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There Is No Excuse On Denim Day or Any Day
As you know, April is Sexual Assault Awareness Month. And this year, Joyful Heart partnered with dozens of organizations, community-based programs and government officials to turn towards the issue of sexual assault in New York City with Denim Day.
Denim Day is an award-winning annual sexual violence prevention and education campaign started by our Los Angeles-based partner, Peace Over Violence. It grew out of a 1990s Italian Supreme Court case in which the Court's decision overturned a rape conviction because the victim wore tight jeans. The judges reasoned the victim’s tight jeans meant that she had to have helped her assailant remove them, implying consent. People all over the world were outraged, and wearing jeans became an international symbol of protest against erroneous and destructive attitudes and myths surrounding sexual assault.
Last year, more than 2.6 million people participated in Denim Day throughout the U.S. This year is New York's third year participating in Denim Day campaign and Joyful Heart is so proud to have joined the coalition. In addition to activities, workshops and programs happening throughout all five boroughs for youth and adults on Denim Day, we held a press conference on the steps of City Hall yesterday to kick off our coalition's Denim Day events.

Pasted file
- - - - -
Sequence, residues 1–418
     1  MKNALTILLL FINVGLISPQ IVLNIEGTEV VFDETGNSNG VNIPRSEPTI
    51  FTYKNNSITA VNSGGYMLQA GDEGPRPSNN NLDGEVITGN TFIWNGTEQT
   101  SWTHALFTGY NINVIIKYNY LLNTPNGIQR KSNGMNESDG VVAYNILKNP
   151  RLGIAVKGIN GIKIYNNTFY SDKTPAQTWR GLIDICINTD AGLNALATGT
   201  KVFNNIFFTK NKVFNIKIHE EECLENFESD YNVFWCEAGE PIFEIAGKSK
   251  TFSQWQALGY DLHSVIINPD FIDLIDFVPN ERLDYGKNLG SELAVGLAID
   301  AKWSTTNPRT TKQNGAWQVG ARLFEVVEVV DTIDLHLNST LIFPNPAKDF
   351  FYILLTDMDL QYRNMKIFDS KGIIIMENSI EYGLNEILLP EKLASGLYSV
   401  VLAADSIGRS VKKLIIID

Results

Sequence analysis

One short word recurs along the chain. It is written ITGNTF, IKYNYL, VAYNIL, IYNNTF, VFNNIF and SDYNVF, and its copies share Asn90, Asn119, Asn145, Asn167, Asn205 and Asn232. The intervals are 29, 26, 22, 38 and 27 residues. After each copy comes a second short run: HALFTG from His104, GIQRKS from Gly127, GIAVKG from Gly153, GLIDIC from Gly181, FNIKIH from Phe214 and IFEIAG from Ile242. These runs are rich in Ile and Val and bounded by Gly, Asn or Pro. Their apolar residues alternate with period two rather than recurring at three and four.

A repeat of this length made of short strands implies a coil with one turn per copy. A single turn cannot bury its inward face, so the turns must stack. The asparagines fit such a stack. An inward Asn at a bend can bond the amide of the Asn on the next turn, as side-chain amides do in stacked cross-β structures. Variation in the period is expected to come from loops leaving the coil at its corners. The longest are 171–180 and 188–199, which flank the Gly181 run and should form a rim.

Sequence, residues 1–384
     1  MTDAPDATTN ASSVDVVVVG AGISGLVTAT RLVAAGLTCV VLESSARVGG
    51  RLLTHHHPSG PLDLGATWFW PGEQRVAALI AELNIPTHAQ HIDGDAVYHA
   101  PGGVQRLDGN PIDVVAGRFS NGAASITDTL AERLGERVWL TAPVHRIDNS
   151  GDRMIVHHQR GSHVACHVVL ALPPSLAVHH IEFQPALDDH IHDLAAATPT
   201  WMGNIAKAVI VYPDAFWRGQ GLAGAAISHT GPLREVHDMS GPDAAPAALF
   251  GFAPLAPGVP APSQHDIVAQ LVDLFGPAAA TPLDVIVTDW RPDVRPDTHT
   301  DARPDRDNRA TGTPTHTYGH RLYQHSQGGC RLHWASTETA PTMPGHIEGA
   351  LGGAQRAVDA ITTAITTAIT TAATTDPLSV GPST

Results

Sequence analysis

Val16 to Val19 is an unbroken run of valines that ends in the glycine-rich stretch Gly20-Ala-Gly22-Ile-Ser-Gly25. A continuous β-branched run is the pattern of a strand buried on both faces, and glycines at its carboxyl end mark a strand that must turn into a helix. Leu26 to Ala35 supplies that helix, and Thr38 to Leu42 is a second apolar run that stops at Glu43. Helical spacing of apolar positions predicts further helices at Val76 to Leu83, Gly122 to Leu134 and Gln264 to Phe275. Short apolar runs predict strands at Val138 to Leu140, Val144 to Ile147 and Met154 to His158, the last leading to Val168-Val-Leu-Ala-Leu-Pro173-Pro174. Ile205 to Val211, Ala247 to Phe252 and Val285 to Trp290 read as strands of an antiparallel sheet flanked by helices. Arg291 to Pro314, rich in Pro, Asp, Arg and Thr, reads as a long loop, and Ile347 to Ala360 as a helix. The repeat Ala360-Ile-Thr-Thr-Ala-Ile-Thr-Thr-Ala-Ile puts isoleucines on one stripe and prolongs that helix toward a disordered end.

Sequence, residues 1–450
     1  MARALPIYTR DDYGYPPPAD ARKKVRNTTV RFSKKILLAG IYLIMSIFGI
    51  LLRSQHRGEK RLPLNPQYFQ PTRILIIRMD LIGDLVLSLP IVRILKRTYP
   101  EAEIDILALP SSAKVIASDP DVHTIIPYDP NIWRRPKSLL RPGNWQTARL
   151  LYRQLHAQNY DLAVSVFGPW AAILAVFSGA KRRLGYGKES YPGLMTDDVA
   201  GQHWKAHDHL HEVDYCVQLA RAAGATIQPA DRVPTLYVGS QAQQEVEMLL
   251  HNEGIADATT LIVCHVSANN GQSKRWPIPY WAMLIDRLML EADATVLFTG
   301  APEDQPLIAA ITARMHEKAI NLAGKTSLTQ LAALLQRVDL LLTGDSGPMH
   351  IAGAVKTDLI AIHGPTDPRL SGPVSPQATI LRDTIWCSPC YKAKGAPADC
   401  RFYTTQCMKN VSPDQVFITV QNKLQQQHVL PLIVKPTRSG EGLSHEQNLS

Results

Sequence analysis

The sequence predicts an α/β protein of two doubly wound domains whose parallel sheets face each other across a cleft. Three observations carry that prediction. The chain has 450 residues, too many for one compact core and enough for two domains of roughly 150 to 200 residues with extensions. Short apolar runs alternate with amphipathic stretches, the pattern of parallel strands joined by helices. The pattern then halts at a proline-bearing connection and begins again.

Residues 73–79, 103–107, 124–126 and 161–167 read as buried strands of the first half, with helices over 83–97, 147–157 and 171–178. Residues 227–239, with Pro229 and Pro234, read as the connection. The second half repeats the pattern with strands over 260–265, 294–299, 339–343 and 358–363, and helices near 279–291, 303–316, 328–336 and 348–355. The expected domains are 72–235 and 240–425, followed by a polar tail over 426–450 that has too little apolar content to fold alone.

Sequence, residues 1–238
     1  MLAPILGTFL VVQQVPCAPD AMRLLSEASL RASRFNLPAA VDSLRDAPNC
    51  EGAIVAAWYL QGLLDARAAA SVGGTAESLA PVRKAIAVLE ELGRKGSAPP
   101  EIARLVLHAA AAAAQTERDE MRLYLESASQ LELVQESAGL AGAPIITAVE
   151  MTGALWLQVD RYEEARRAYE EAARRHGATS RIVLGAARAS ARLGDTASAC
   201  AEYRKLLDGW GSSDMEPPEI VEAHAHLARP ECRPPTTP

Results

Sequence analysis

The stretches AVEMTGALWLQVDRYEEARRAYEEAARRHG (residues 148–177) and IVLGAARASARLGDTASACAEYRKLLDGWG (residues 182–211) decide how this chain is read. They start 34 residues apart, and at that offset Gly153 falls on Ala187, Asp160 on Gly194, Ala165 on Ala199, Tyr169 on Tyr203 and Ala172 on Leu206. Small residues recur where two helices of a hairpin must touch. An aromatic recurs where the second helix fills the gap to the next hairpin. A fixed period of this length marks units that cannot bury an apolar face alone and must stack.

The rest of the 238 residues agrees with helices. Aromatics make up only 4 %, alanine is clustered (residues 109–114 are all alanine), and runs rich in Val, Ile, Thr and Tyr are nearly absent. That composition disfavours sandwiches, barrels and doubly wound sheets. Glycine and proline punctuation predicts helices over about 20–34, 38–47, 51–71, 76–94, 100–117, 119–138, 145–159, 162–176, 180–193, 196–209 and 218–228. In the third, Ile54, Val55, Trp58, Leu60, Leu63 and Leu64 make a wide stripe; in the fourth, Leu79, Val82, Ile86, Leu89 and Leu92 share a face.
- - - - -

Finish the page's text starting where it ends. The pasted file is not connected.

In addition to our Denim Day organizers the New York City Alliance Against Sexual Assault, Manhattan Borough President Scott M. Stringer, the St. Luke's Roosevelt Crime Victims Treatment Center and Start Strong Bronx, we were joined by advocates, youth government officials and individuals who filled the steps of City Hall to bring the message to New york that there is no excuse and never an invitation to rape.
We're sharing that message nationally too. Yesterday, Mariska penned an op-ed in the Huffington Post with Denim Day founder Patti Giggans. From their article:
The way our society thinks about rape and receives survivors is not only tragic, it's dangerous. Fearing that they won't be believed, survivors are less likely to report their rapes, which means rapists stay out of jail, which means they are free to rape again. Denim Day is about coming together as a community that has no tolerance for sexual violence, a community that commits its resources—intellectual, financial, emotional—to responding differently to survivors and making their healing a priority.
To read the entire article, click here.
We and our partners are also sharing this message in social media (#denimday, if you're on Twitter) in hospitals and rape crisis programs, offices, schools and colleges throughout the country. Together, we can change these harmful victim-blaming attitudes about sexual violence. We can change the way we think about, respond to and support survivors of sexual assault.
If you are wearing denim today, please be sure you have registered your support on www.denimdayusa.org. We invite you to submit photos of yourself in your denim to firstname.lastname@example.org and share what you're doing for Denim Day.